Kids & Pets
November 13, 2019
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Tale of Cooper

By: Mickey Zeldes
February 22, 2019

Two women walk into the animal shelter.  It sounds like the beginning of a joke but what happened is far from funny.  They were there to “rescue” one of the three dogs (and four rabbits) that we had recently been transferred in from the Petaluma shelter.  I didn’t recognize either of the women so asked some questions about which rescue they were with and how they knew about Cooper (we had posted some pictures of this chubby boy on our Instagram account but he wasn’t in adoptions yet).  Their reaction was far from pleasant.  You would think they would expect to show some credentials and would be indignant if we just handed them the dog without verifying the agency!

It’s so sad when animal groups can’t work together for the benefit of the animals we claim to care about.  Sometimes personalities and politics get in the way.  Sonoma County is a very competitive area with six animal shelters and dozens of rescues (more popping up every day) competing for adoption homes, volunteers, donations, Facebook likes and publicity.  Sadly, some groups use the last two to finger point and wave the “no kill” banner in everyone’s face.  They twist the truth and facts to their own benefit and end up hurting other animal organizations – which hurts the animals in their care.

So what was the story about Cooper?  He came to the Petaluma Shelter when his owner passed away.  We had offered to take some animals from them since we had the space and they had just brought a bunch down from the Paradise area.  Cooper, other than being obese, seemed friendly enough so he was one of the dogs we took. He was not up for adoption while waiting for his official temperament test and was settling into the shelter, getting bathed, vet checked (being treated for an ear infection) and walked several times a day by our staff and volunteers to help him lose weight.  At no time was he at risk of being euthanized.  Check our Instagram page for pictures of Cooper and the care we were giving him.  He was a love and we knew we wouldn’t have a problem finding him a good home!

When we heard the women were from the Petaluma group whose contract for running the shelter had not been renewed, we contacted the director now running the Petaluma shelter and he said he would take Cooper back to take the pressure off us.  There are clearly issues between the two groups and the comments flying on Facebook were accusatory and distorted and we ended up in the middle of this cat fight by virtue of just trying to help this dog!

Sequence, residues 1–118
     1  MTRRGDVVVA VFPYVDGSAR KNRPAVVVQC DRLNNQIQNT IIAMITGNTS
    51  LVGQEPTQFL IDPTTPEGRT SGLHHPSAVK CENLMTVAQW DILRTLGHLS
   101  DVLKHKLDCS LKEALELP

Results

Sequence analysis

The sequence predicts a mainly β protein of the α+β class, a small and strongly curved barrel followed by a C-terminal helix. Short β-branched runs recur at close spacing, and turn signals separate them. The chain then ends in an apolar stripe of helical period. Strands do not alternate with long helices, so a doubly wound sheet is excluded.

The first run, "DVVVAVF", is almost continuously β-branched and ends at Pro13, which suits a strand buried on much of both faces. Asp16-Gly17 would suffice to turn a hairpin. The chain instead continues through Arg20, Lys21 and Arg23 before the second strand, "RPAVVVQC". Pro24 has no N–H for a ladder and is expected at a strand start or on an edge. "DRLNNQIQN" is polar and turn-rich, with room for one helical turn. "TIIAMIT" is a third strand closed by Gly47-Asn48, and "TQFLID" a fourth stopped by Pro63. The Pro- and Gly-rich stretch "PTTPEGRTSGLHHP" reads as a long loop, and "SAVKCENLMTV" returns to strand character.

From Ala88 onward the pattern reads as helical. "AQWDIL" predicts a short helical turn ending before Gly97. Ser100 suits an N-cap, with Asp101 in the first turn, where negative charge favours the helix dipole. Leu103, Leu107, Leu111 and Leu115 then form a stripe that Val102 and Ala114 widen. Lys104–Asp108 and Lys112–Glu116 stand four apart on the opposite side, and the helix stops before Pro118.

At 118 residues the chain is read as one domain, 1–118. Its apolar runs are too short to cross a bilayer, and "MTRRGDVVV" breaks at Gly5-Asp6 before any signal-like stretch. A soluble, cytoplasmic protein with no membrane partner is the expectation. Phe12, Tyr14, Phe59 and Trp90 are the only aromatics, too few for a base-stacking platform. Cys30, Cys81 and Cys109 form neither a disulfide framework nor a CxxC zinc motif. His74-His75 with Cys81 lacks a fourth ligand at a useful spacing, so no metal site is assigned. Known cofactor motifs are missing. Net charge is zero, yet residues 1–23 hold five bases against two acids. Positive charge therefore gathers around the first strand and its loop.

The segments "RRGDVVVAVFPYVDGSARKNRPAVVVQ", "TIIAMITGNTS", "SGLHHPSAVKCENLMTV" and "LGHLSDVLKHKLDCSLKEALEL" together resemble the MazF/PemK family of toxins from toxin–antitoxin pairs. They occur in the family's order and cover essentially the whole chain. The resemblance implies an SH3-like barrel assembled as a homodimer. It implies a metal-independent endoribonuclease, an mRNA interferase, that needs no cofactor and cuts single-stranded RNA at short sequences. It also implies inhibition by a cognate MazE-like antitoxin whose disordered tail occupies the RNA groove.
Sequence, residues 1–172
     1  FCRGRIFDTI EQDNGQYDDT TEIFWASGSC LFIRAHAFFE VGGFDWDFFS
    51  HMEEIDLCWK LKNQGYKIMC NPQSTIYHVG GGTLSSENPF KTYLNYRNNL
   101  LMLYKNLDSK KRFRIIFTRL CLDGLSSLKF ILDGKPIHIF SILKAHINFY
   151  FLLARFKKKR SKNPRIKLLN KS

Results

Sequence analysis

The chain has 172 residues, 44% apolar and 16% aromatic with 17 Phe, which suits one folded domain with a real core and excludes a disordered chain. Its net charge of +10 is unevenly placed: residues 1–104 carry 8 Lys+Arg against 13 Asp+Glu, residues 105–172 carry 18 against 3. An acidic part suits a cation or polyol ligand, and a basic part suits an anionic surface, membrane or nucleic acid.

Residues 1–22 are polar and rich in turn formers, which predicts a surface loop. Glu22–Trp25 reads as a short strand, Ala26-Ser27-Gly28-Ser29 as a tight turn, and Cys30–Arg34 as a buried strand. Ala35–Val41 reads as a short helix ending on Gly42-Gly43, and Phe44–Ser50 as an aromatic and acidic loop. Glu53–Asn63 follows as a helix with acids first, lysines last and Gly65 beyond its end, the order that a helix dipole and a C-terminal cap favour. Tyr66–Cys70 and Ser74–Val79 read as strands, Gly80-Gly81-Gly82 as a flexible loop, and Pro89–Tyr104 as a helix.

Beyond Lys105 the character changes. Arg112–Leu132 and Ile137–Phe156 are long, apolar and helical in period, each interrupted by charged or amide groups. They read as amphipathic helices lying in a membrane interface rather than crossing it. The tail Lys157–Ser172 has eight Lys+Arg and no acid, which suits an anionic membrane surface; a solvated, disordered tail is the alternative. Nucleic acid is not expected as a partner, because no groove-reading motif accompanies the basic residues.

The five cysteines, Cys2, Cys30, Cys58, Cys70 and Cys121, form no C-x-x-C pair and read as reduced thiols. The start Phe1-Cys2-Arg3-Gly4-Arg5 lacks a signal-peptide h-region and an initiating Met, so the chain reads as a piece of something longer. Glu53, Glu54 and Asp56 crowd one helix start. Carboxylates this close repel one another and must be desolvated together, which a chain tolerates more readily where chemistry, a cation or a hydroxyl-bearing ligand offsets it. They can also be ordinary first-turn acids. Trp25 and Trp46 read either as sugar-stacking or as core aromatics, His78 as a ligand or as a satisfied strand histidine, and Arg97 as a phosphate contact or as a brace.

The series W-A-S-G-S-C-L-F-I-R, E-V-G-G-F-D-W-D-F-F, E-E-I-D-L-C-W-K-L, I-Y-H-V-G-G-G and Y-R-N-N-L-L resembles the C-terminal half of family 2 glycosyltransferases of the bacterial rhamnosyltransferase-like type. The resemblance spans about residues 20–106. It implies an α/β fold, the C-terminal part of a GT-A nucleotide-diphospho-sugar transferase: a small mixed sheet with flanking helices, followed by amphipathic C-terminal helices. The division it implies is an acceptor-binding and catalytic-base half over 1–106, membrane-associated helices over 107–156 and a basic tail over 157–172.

The Rohnert Park Shelter works closely with dozens of rescue groups.  We ask for a signed agreement and proof that they are a 501(c)3 organization.  If it is a new group that I’m not personally familiar with, we ask other shelters for a reference to make sure the group is legitimate and not a hoarding situation or otherwise a problem.  There is some vetting of the groups we work with although we don’t have the resources to personally inspect each rescue that we have an agreement with.  While getting the animals out of the shelter is the goal, it does no good if they end up in a worse situation!  So for their protection, and to keep your trust that we are doing right by our charges, we don’t just hand over animals to anyone who walks in our door and claims to be a rescue.

The end of the story is a happy one.  Cooper went back to the Petaluma shelter and was adopted the next day.  I’m hoping that everyone is sheathing their claws and the cat fight is over but the damaging posts are still out there.  Just shows you really can only believe a fraction of what you read on the internet.  If you ever have questions about our services or programs, please feel free to contact me directly.  If you haven’t seen our shelter, please come by and look around.  We are proud of our facility, staff and programs.  Hope you are too!

Upcoming Events

“Get Them Back Home” Campaign – Every lost pet should have a way to get back home.  FREE pet ID tag and a back-up microchip are available to all residents of Rohnert Park and Cotati.  No appointment necessary, just come by the shelter during our regular open hours: Wed. 1-6:30; Thurs.-Fri.-Sat. 1-5:30; Sun. 1-4:30.

Fix-it Clinics – Free spay and neuters for cats; and $60 dog surgeries (up to 80 lbs.) for low-income Rohnert Park and Cotati residents.  Call 588-3531 for an appointment. 

Mickey Zeldes is the supervisor at the Rohnert Park Animal Shelter. She can be contacted at mzeldes@rpcity.org.